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IPv6 Tutorial

June 24th, 2011 Go to comments

The Internet Corporation for Assigned Names and Numbers (ICANN) is responsible for the assignment of IPv6 addresses. ICANN assigns a range of IP addresses to Regional Internet Registry (RIR) organizations. The size of address range assigned to the RIR may vary but with a minimum prefix of /12 and belong to the following range: 2000::/12 to 200F:FFFF:FFFF:FFFF::/64.

ipv6_Address_Allocation_Policy.jpg

Each ISP receives a /32 and provides a /48 for each site-> every ISP can provide 2(48-32) = 65,536 site addresses (note: each network organized by a single entity is often called a site).
Each site provides /64 for each LAN -> each site can provide 2(64-48) = 65,536 LAN addresses for use in their private networks.
So each LAN can provide 264 interface addresses for hosts.

-> Global routing information is identified within the first 64-bit prefix.
Note: The number that represents the range of addresses is called a prefix


ipv6_policy_ISP.jpg

Now let’s see an example of IPv6 prefix: 2001:0A3C:5437:ABCD::/64:

IPv6_prefix_length_example.jpg

In this example, the RIR has been assigned a 12-bit prefix. The ISP has been assigned a 32-bit prefix and the site is assigned a 48-bit site ID. The next 16-bit is the subnet field and it can allow 216, or 65536 subnets. This number is redundant for largest corporations on the world!

The 64-bit left (which is not shown the above example) is the Interface ID or host part and it is much more bigger: 64 bits or 264 hosts per subnet! For example, from the prefix 2001:0A3C:5437:ABCD::/64 an administrator can assign an IPv6 address 2001:0A3C:5437:ABCD:218:34EF:AD34:98D to a host.

IPv6 Address Scopes

Address types have well-defined destination scopes:

IPv6 Address Scopes              
Description
Link-local address + only used for communications within the local subnetwork (automatic address configuration, neighbor discovery, router discovery, and by many routing protocols). It is only valid on the current subnet.
+ routers do not forward packets with link-local addresses.
+ are allocated with the FE80::/64 prefix -> can be easily recognized by the prefix FE80. Some books indicate the range of link-local address is FE80::/10, meaning the first 10 bits are fixed and link-local address can begin with FE80, FE90,FEA0 and FEB0 but in fact the next 54 bits are all 0s so you will only see the prefix FE80 for link-local address.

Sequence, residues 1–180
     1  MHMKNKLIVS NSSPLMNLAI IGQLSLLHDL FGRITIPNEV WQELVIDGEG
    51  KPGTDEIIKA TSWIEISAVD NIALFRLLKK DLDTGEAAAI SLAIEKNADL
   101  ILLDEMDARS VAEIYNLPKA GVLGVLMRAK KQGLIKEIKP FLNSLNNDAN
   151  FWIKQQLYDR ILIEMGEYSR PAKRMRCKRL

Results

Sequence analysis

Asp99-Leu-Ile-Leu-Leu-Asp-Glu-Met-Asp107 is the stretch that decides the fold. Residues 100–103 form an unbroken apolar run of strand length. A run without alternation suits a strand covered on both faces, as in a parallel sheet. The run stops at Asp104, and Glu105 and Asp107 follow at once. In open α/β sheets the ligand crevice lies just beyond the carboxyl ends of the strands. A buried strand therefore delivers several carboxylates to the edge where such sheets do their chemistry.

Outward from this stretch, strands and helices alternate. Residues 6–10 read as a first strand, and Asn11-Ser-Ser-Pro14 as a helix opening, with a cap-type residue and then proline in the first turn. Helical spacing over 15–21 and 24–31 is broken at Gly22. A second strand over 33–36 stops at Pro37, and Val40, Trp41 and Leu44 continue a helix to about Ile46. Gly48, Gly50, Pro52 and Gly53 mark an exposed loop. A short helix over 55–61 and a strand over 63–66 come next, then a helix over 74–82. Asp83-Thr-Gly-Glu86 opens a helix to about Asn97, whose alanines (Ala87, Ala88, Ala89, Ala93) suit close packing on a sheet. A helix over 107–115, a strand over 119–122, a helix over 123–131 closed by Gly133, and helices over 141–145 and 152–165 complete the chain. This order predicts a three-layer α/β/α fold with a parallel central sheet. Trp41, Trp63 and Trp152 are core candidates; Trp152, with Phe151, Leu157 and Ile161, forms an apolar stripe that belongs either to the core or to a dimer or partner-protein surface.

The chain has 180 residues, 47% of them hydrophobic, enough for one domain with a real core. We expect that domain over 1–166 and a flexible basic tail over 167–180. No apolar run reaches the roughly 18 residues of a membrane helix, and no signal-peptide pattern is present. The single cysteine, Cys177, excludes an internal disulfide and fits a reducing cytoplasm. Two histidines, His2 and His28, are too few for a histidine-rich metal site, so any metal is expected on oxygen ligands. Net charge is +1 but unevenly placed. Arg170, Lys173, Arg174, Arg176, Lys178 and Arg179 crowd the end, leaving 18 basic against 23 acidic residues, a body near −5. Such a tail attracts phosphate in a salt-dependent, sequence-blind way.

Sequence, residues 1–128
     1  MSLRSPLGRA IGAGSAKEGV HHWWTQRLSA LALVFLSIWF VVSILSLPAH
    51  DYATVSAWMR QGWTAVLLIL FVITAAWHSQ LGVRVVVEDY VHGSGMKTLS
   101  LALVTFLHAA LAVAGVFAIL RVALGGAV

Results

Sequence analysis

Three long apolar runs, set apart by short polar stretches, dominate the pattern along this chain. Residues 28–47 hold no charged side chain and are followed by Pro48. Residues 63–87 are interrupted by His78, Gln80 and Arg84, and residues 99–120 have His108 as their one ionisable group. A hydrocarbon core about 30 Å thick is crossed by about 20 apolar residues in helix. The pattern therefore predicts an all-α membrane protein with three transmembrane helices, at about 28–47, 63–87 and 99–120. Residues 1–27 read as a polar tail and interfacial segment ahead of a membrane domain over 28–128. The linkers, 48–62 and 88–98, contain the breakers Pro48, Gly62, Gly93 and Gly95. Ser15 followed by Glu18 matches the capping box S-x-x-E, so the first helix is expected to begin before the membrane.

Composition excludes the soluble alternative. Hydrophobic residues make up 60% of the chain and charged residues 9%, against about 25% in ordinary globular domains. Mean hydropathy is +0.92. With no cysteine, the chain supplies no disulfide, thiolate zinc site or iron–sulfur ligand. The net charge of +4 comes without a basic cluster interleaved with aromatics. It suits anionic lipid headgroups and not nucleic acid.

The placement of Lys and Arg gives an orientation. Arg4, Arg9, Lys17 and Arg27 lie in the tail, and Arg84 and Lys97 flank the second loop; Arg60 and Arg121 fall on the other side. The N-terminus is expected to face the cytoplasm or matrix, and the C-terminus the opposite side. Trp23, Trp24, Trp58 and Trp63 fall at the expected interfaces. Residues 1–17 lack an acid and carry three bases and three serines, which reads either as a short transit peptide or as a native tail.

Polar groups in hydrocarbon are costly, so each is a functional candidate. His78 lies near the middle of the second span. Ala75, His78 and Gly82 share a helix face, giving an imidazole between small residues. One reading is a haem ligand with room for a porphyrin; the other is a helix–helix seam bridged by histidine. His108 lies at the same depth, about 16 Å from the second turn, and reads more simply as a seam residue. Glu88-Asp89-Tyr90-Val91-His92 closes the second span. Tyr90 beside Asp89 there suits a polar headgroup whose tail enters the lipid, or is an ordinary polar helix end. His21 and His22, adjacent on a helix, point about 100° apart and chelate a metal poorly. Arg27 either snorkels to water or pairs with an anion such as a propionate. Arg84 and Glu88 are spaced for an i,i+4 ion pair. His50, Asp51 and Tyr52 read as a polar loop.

+ same as 169.254.x.x in IPv4, it is assigned when a DHCP server is unavailable and no static addresses have been assigned
+ is usually created dynamically using a link-local prefix of FE80::/10 and a 64-bit interface identifier (based on 48-bit MAC address).
Global unicast address + unicast packets sent through the public Internet
+ globally unique throughout the Internet
+ starts with a 2000::/3 prefix (this means any address beginning with 2 or 3). But in the future global unicast address might not have this limitation
Site-local address + allows devices in the same organization, or site, to exchange data.
+ starts with the prefix FEC0::/10. They are analogous to IPv4’s private address classes.
+ Maybe you will be surprised because Site-local addresses are no longer supported (deprecated) by RFC 3879 so maybe you will not see it in the future.


All nodes must have at least one link-local address, although each interface can have multiple addresses.

However, using them would also mean that NAT would be required and addresses would again not be end-to-end.
Site-local addresses are no longer supported (deprecated) by RFC 3879.

Special IPv6 Addresses

Reserved Multicast Address Description
FF02::1 + All nodes on a link (link-local scope).
FF02::2 + All routers on a link
FF02::5 + OSPFv3 All SPF routers
FF02::6 + OSPFv3 All DR routers
FF02::9 + All routing information protocol (RIP) routers on a link
FF02::A + EIGRP routers
FF02::1:FFxx:xxxx + All solicited-node multicast addresses used for host auto-configuration and neighbor discovery (similar to ARP in IPv4)
+ The xx:xxxx is the far right 24 bits of the corresponding unicast or anycast address of the node
FF05::101 + All Network Time Protocol (NTP) servers

Reserved IPv6 Multicast Addresses

Reserved Multicast Address Description
FF02::1 + All nodes on a link (link-local scope).
FF02::2 + All routers on a link
FF02::9 + All routing information protocol (RIP) routers on a link
FF02::1:FFxx:xxxx + All solicited-node multicast addresses used for host auto-configuration and neighbor discovery (similar to ARP in IPv4)
+ The xx:xxxx is the far right 24 bits of the corresponding unicast or anycast address of the node
FF05::101 + All Network Time Protocol (NTP) servers

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  1. Jesse Grillo
    August 31st, 2017

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